The post we did a couple weeks back on how to cook hot dogs got a bit of a response—most of it arguing that we didn’t know how to cook hot dogs at all! The nerve!
To be honest, however, we weren’t particularly offended—many of our posts are deliberately “high-level” to appeal to the widest audience. Having said that, we DO feel a bit of a need to re-establish our street cred … or maybe our grill cred. So we figured we do a more advanced post on cooking your dog like the pros.
If we’re going to do this right, we have to come out right up front and say: boiling a hot dog to cook it is for emergencies only. Grilling is the preferred method of cooking—so much so that anything else is almost considered sacrilegious.
But the purist griller knows, the process starts before you even drag out the grill: for the best effect, always make sure your dogs are thoroughly thawed. This isn’t a safety issue, as some people think; it’s just the best for cooking. The meat should be at room temperature before it hits the grill.
Your best bet is to put frozen meat in the refrigerator to overnight, and then allow it to come to room temperature before dropping it on the grill. It’s the only real way to get them to cook evenly all the way through. And yes, before you say it: some folks wouldn’t be caught dead eating a dog from the freezer. We won’t go quite that far … some things just aren’t practical.
For the grill, charcoal is the fuel of choice: it simply adds more flavor. Once the coals are nice and ashy all over, spread the briquettes flat with fire tongs. Unless you’re cooking enough hot dogs to feed the Green Bay Packers, banking the coals to one side of the grill allows for more efficient cooking.
Attach the grate and let it heat up for a few minutes. It’ll be tempting—especially with that delicious aroma—to get to the grilling, but patience is a virtue here. While you’re waiting, let’s prep those (thoroughly thawed) dogs. To prevent shriveling on the grill, you’ll need to cut four or five small slits on each frank with a sharp knife just before putting them on the grill.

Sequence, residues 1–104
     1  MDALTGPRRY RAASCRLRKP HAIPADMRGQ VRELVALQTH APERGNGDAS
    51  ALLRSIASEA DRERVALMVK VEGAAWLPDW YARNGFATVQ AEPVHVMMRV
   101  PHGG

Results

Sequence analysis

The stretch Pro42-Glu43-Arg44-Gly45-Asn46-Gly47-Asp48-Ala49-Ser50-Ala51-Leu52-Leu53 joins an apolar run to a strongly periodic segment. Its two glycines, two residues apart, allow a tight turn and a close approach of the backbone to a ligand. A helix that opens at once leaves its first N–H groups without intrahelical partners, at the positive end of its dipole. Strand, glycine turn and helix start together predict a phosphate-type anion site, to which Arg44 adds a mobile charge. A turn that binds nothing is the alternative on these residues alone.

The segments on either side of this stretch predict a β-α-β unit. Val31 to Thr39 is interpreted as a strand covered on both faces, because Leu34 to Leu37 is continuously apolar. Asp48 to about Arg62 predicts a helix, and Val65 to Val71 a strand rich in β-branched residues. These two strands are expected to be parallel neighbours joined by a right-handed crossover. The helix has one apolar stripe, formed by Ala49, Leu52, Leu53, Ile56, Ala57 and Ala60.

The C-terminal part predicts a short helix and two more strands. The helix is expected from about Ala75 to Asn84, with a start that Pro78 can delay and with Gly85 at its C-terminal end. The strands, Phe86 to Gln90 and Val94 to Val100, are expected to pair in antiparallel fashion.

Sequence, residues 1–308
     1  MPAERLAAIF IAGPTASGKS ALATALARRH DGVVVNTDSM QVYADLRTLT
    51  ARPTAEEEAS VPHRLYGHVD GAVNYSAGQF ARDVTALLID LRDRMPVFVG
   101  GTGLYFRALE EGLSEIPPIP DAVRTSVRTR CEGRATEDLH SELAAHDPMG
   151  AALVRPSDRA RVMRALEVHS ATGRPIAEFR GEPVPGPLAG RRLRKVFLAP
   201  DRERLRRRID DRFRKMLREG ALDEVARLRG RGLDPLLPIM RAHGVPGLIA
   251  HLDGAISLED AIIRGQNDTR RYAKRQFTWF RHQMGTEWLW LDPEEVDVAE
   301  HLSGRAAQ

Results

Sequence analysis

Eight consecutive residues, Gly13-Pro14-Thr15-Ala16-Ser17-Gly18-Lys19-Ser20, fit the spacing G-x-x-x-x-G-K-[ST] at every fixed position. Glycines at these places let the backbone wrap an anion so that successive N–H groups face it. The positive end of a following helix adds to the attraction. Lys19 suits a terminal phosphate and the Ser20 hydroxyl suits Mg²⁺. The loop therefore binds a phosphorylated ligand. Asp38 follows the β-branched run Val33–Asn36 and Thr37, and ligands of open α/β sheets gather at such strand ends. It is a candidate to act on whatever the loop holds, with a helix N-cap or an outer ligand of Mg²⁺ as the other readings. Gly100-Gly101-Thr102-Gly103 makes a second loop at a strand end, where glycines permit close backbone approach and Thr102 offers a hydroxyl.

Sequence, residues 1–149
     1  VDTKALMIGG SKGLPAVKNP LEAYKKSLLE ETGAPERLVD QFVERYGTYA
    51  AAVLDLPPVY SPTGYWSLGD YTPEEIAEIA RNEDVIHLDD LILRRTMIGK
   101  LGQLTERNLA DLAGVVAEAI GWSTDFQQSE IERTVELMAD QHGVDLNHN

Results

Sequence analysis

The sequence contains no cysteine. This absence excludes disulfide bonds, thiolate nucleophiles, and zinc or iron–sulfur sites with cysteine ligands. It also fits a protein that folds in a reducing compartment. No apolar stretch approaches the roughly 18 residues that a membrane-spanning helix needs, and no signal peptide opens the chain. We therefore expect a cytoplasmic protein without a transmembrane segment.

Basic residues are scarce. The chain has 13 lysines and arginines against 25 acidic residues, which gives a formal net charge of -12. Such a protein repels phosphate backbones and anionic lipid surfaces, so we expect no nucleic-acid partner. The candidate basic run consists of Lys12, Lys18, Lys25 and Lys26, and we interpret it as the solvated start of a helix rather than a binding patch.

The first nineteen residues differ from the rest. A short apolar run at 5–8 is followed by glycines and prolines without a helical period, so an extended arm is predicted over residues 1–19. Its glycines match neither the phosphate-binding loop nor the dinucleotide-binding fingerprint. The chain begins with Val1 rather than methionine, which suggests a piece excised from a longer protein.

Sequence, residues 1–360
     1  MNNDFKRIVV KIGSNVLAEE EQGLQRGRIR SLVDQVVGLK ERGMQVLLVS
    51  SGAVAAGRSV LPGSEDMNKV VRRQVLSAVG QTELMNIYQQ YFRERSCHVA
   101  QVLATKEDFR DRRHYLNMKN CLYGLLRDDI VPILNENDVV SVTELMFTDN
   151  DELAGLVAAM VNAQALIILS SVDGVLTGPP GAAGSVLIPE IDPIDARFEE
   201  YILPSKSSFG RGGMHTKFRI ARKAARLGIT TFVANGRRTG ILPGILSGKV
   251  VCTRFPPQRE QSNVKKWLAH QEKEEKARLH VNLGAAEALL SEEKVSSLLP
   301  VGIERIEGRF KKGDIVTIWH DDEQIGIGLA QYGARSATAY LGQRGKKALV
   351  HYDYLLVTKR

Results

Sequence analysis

Don’t split the hot dog in two down its length: remember, the goal here is to cook the dogs RIGHT. A long slit will allow for faster cooking, but it dries out the meet. You’ve waited this long for your perfect frank … don’t sacrifice flavor now, just for a few seconds of cook time.
It won’t take more than 2 or 3 minutes to develop grill marks on one side of dog, once you have it on the grill. Turn it over and repeat the process, and it should be fully cooked. The amount of char is a matter of preference, but don’t overdo it: leave that puppy on the grill for more than 5 or 6 minutes, and it’ll end up looking (and tasting) like an exploding cigar.
Try to keep the char even on all sides. One good rule of thumb is to watch for the juices: when the dog is plumped up and the natural juices start flowing out, it’s ready to go … almost. A trick the pros know: right before you pull them from the grill, brush your dogs with a bit of melted butter. Do the same with the buns, then plop them on the grill for a half-minute or less—just enough to get a slight toast.
For final assembly, we’re going to back off on the directives: everyone has their own favorite ingredients, and who are we to tell you you’re wrong. The one thing all the pros agree on, however, is that mustard is a must. The smokiness of the hot dog has a strong, rich flavor that’s the perfect counter balance to the mustard’s tang.
There you have it: the perfectly cooked hot dog. We think so, anyway … you might not agree, and that’s your prerogative: the customer is always right, right? We’d suggest you write and tell us where we screwed up … but we have a feeling that some of you are already pounding your keyboards!